How To Re-engage Your Child When Learning At Home

How To Re-engage Your Child When Learning At Home

You started off the year with lots of ideas, fervor, and momentum. As the school weeks pass by, you may be finding yourself slipping into a rut, and you might find your child staring longingly out the window and letting out long sighs of boredom. You are not alone. Many parents struggle to keep their children engaged as the routine starts to drag, and some of that excitement from the beginning of the year drains away.

As we pass through autumn, we are standing at the edge of a new season, a season of hope and the fulfilment of God’s promise. This is a time for renewal! We recommend you take a deep breath – inhale and exhale – and start with some of these tips to help re-engage your child to learn while at home:

Spice up the Schedule  

Variety is the spice of life. No one likes to get stuck doing the same thing everyday. Having a schedule is important, but be sure to switch up the activities once in awhile. Include all of the subjects that need to be covered, but keep your child on his or her toes by changing the routine.

Creative Extension: Take a printed copy of your monthly schedule with all activities listed on it – cut out each day and throw it in the air. Your child can put it together in the order he or she would like. Another option would be to let your student pick the day’s activities from a hat so it will be a surprise for him or her (and for you) each day.

‘Play’ with History

It is important to get your child moving – use the textbook or eBook as a reference, but go one step forward in having your student utilize a creative extension.

Creative Extension: When learning about the Civil War, why not have your child write a play based on historical facts? Acting as a scriptwriter, your child could outline dialogue that is rich with facts and includes important dates, historical figures and events.

Abraham Lincoln: “It is the 8th day of June 1864. It’s a big day, as I have just been nominated as President by the Union Party….”

If your child has a love for music – make it a musical!

The Student Becomes the Teacher

Nothing captures a child’s attention quicker than if he or she will be teaching the class. Give your student a chapter or subject, and have him or her plan the day. Reversing the roles will shift focus from the student receiving the information, to being able to deliver the information. This is a way to increase your child’s emotional engagement and have him or her be genuinely interested in the lesson.

Creative Extension: Have your child dress, act and present as if he or she is the teacher. He or she will walk into your ‘classroom’ with an apple on the desk and you in the ‘learning chair’. Be sure to ask a lot of questions to make sure he or she understands the material thoroughly, and don’t explain the answers during this project (although it might be tempting). The student will learn by looking up the questions he or she doesn’t know.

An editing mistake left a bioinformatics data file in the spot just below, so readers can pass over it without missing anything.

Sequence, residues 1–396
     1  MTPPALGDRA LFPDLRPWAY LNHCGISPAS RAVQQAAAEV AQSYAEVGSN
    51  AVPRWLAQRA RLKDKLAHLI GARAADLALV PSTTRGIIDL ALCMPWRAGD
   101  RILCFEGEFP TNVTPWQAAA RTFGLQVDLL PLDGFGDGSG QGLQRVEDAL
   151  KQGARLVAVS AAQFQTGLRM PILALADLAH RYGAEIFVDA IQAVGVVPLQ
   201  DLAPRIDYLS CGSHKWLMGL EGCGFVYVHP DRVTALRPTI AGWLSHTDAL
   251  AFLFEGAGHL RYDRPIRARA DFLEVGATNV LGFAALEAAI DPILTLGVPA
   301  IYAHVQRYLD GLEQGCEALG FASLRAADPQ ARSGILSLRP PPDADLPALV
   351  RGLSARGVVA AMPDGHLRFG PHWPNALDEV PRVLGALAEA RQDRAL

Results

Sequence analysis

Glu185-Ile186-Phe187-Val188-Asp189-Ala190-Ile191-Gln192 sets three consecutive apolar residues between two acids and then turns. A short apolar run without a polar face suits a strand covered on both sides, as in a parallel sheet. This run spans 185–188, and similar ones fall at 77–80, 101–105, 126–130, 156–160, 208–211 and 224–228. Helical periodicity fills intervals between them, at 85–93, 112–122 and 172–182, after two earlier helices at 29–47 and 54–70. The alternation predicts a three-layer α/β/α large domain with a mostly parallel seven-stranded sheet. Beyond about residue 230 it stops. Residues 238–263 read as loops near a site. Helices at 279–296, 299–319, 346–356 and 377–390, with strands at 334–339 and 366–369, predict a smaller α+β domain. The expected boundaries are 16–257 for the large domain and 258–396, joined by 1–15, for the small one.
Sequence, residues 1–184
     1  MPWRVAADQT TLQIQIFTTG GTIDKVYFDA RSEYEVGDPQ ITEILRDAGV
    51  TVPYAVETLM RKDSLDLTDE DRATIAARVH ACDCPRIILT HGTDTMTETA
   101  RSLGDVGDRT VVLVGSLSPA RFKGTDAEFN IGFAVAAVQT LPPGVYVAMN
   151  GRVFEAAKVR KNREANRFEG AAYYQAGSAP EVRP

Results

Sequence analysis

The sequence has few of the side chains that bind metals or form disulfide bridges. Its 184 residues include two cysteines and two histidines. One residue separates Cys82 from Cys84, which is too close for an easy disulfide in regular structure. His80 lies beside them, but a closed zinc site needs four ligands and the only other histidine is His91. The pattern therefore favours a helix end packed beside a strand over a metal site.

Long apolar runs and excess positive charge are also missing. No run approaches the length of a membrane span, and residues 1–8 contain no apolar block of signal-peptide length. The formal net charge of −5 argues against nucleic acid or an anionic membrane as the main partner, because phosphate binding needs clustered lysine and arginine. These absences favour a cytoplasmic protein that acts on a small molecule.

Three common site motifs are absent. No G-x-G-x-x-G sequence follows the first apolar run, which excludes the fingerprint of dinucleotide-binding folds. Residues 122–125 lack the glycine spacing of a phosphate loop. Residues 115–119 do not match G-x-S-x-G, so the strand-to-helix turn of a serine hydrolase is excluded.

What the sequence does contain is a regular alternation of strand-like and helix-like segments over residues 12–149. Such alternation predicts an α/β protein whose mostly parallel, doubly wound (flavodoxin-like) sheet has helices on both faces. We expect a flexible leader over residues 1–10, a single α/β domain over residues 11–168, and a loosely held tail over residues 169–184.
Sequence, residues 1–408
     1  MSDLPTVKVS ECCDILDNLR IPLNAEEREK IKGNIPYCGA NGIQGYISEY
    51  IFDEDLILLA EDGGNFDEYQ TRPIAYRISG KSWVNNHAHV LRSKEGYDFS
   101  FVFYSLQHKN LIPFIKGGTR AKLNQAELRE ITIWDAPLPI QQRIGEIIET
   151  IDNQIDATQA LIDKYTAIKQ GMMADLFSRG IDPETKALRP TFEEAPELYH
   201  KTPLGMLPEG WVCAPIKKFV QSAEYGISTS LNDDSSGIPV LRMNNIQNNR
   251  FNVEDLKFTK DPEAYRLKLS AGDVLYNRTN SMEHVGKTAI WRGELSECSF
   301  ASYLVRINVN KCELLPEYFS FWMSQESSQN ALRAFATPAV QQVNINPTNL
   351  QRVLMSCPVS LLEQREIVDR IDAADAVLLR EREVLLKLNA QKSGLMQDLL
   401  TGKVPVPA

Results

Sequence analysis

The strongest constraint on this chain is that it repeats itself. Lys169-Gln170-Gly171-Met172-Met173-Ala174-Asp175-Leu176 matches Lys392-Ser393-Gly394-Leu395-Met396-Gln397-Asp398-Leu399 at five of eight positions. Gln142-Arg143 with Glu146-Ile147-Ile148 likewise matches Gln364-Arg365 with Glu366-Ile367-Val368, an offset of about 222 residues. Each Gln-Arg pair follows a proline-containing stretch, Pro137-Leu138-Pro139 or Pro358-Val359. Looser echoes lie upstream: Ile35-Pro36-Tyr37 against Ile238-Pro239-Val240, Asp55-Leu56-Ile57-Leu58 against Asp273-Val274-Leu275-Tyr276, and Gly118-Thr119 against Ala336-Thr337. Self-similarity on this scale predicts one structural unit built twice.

Get Out and About

re engage Child learning at Home pin

This is probably not a new concept for you, but it is important to get out and about. Be sure to get out of the house at least once a month and visit the museums, historical sites and other attractions your city has to offer. One of the benefits of homeschooling is teaching your child in the comfort of your home, but re-engaging your child’s mind is aided by re-energizing it! So do a bit of research and go somewhere you have not been before once a quarter, semester, or year. The trip doesn’t have to be far or extravagant. You might be surprised at what learning opportunities are waiting just around the corner!

Creative Extension: When studying zoology, go to your local zoo. Stop in front of each animal’s habitat and have your child tell you three things about that animal. This will test cognitive engagement from your student. (e.g. when in front of the lions’ cage, your student might be able to tell you (1) that lions are indigenous to Africa, (2) that they are a member of the family Felidae, and (3) that the average lifespan of a lion is 13 years in the wild.

Mathematics Scavenger Hunt
Many students have a difficult time engaging when it is time for arithmetic. The concepts are there, but putting them into everyday scenarios requires a bit of thought. Take your normal errands such as driving, going to the grocery store or cooking dinner, and think of math problems for them that allow your child to apply concepts learned in math lessons.

Creative Extension: When going to the grocery store, make a list of five pieces of information your student must gather. (e.g. How much does a 11.34 kg bag of flour cost?) When you get home or to your next destination, ask your student a follow-up question that requires the data he or she collected. (e.g. How much does it cost for each kg of flour?)  

These are just a few ways to kick-start your student’s mind for learning. Above all, do what works for your child. Each child is different, and something might work for one child that doesn’t for another. Making learning fun and engaging requires forethought. I hope you have found these tips helpful and that you will put them into action this season.

Enlightium Academy provides a quality, nationally accredited education. Confirmation of Enlightium Academy’s accreditation can be found at Advanc-Ed. Families still need to be familiar with and follow the state’s homeschooling laws to avoid issues. Enlightium Academy is excited to partner with you in navigating this complex, but ultimately rewarding, path of homeschooling in New York.

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